FIG. 2 is a perspective view of a two input power combiner illustrating the shape and relation of the conductors.

FIG. 3 is a top view of the upper layer of a power combiner constructed in accordance with the present invention.

FIG. 4 is an exploded side view of a power combiner constructed in accordance with the present invention.

FIG. 5 is a top view of a completed power combiner constructed in accordance with the present invention.

FIG. 6 is an end view of a completed power combiner constructed in accordance with the present invention.

FIG. 7a is a schematic diagram of a power combiner connected to serially connected power sources.

FIG. 7b is a schematic diagram of the high frequency oscillator utilized in the circuit of FIG. 7a.

FIG. 8 is a schematic diagram showing the apparatus of the present invention being used as a power divider.

FIG. 9 illustrates a coaxial power combiner in accordance with the present invention.

For a better understanding of the present invention, together with other and further objects, advantages and capabilities thereof, reference is made to the following disclosure and appended claims in connection with the above-described drawings.

DESCRIPTION OF THE PREFERRED EMBODIMENTS

An apparatus for combining the outputs of a plurality of serially connected high frequency power sources, or power combiner, is shown in FIG. 1 in schematic form. The apparatus includes a number of planar conductive layers in a sandwiched or stacked configuration. The apparatus includes outer conductive layers 10 and 12, intermediate conductive layers 14 and 16 and dielectric layers 18 between each pair of adjacent conductive layers. Also included in the power combiner are output port 20 and input ports 22, 24, and 26. Outer conductive layers 10 and 12 extend from input ports 22 and 26, respectively, to output port 20. Intermediate conductive layers 14 and 16 extend from input ports 22, 24, and 26 to a power combination region 28 where intermediate conductive layers 14 and 16 terminate. High frequency power sources 30, 32, and 34 and dc power supply 36 are shown to illustrate a typical connection of the power combiner to serially connected power sources. As used herein, the term "high frequency" refers to frequencies in the range from 1 MHz to 100 GHz. High frequency power sources 30, 32, and 34 are connected in series across the output of dc power supply 36. Each high frequency power source has a dc power supply terminal, a reference potential terminal and a high frequency output terminal. The reference potential terminal 34b of power source 34 is coupled to the reference potential terminal 36b of dc power supply 36 and to outer conductive layer 12. The power supply terminal 34a of power source 34 is coupled to the reference potential terminal 32b of power source 32 and to intermediate conductive layer 16. High frequency output terminal 34c of power source 34 is coupled through capacitor 38 to intermediate conductive layer 16. The power supply terminal 32a of power source 32 is coupled to the reference potential terminal 30b of power 30 and to intermediate conductive layer 14. High frequency output terminal 32c of power source 32 is coupled through capacitor 40 to intermediate conductive layer 14. The power supply terminal 30a of power source 30 is coupled to the output terminal 36a of dc power supply 36. High frequency output terminal 30c of power source 30 is coupled through capacitor 42 to output conductive layer 10.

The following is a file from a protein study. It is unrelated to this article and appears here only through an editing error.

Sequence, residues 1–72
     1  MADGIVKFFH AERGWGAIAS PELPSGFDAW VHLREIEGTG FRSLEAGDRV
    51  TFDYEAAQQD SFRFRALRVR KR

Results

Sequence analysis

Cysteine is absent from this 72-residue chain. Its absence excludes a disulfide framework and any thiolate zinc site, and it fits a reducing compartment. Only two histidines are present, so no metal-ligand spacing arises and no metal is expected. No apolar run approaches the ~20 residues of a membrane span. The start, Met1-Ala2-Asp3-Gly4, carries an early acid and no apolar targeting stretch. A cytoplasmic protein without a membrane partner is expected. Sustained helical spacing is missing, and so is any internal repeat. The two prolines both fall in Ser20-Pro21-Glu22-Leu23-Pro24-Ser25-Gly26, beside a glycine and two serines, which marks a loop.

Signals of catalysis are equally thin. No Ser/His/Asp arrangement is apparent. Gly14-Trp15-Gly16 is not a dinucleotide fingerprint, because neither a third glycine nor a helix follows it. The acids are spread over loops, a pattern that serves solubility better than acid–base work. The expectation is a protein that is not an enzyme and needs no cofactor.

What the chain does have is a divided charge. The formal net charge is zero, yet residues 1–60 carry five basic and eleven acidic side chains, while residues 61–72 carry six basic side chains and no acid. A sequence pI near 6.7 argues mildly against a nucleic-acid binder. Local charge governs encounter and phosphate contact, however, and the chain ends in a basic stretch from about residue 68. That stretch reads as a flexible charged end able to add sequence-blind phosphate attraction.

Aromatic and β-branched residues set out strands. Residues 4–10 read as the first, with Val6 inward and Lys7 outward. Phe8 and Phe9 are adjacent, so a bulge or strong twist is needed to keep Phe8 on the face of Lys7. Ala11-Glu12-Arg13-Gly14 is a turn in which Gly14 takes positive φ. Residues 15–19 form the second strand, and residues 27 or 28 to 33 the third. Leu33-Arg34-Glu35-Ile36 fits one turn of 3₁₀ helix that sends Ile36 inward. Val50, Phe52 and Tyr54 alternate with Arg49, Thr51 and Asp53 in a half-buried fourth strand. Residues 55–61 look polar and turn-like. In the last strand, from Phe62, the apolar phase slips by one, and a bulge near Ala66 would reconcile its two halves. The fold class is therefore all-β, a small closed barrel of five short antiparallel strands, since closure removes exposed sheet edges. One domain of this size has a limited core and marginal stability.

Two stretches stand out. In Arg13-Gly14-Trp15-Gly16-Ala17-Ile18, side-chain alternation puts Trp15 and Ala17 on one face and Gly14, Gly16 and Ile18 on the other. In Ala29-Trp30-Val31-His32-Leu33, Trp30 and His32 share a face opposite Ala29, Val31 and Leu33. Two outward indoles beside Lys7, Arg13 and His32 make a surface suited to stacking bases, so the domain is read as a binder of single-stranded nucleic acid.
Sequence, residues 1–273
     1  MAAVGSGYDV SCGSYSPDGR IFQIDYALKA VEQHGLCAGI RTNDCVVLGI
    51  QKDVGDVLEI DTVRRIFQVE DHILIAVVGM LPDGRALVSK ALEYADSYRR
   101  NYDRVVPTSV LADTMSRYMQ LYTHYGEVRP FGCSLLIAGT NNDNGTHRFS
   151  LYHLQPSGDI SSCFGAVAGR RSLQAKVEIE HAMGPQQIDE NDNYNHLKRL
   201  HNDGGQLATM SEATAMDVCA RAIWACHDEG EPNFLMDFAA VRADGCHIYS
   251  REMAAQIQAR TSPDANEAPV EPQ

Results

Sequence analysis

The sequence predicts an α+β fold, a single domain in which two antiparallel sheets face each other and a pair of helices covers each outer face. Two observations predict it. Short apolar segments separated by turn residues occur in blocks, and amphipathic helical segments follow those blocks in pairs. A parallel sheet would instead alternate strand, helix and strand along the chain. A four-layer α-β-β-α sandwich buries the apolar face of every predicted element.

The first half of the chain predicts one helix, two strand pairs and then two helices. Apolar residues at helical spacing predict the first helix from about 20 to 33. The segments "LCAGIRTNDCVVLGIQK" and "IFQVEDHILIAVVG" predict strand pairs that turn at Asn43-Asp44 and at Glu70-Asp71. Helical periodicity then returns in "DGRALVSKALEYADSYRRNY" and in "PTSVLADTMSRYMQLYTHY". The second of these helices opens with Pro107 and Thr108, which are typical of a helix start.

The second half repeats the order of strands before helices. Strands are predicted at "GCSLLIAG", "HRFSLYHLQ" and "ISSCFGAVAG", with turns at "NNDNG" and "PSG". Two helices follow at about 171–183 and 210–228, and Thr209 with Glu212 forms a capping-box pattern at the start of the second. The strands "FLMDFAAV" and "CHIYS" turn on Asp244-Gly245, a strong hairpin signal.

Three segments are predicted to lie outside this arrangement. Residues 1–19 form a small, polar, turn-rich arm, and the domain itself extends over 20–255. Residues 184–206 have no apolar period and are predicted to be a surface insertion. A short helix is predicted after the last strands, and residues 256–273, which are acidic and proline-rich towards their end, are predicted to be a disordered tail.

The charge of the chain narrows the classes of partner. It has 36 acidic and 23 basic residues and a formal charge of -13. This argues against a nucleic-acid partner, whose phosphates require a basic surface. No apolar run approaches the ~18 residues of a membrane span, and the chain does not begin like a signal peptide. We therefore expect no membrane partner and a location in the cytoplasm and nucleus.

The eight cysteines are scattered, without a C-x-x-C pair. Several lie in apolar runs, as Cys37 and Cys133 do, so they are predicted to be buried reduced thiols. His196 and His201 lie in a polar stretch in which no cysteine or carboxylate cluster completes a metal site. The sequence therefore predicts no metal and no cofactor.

High frequency power from power source 34 is received by input port 26 and propagates along input transmission line 44 formed by outer conductive layer 12 and intermediate conductive layer 16 to power combination region 28. High frequency power from power source 32 is received by input port 24 and propagates along input transmission line 46 formed by intermediate conductive layers 14 and 16 to power combination region 28. High frequency power from power source 30 is received by input port 22 and propagates along input transmission line 48 formed by intermediate conductive layer 14 and outer conductive layer 10 to power combination region 28. It can be seen that intermediate conductive layers 14 and 16 each serve as the signal carrying conductor for one input transmission line and the reference potential conductor for the adjacent input transmission line.

When high frequency power propagating along input transmission lines 44, 46, and 48 reaches power combination region 28, where intermediate conductive layers 14 and 16 terminate, it is launched into output transmission line 50 formed by outer conductive layers 10 and 12. If power sources 30, 32, and 34 operate at the same frequency and are in phase, then the high frequency power reaching combination region 28 along each input transmission line is in phase providing that input transmission lines 44, 46, and 48 have equal electrical lengths. Therefore, the high frequency power launched into output transmission line 50 is in phase and the power propagating along output transmission line 50 to output port 20 is the sum of the high frequency power received at input ports 22, 24, and 26. The summation or combination is illustrated in FIG. 1 by electric fields 52 in each input transmission line which are combined in region 28 to form a total electric field 54 in output transmission line 50. In general, power sources 30, 32, and 34 can have different frequencies and different phases. In this situation, the power reaching combination region 28 combines vectorially.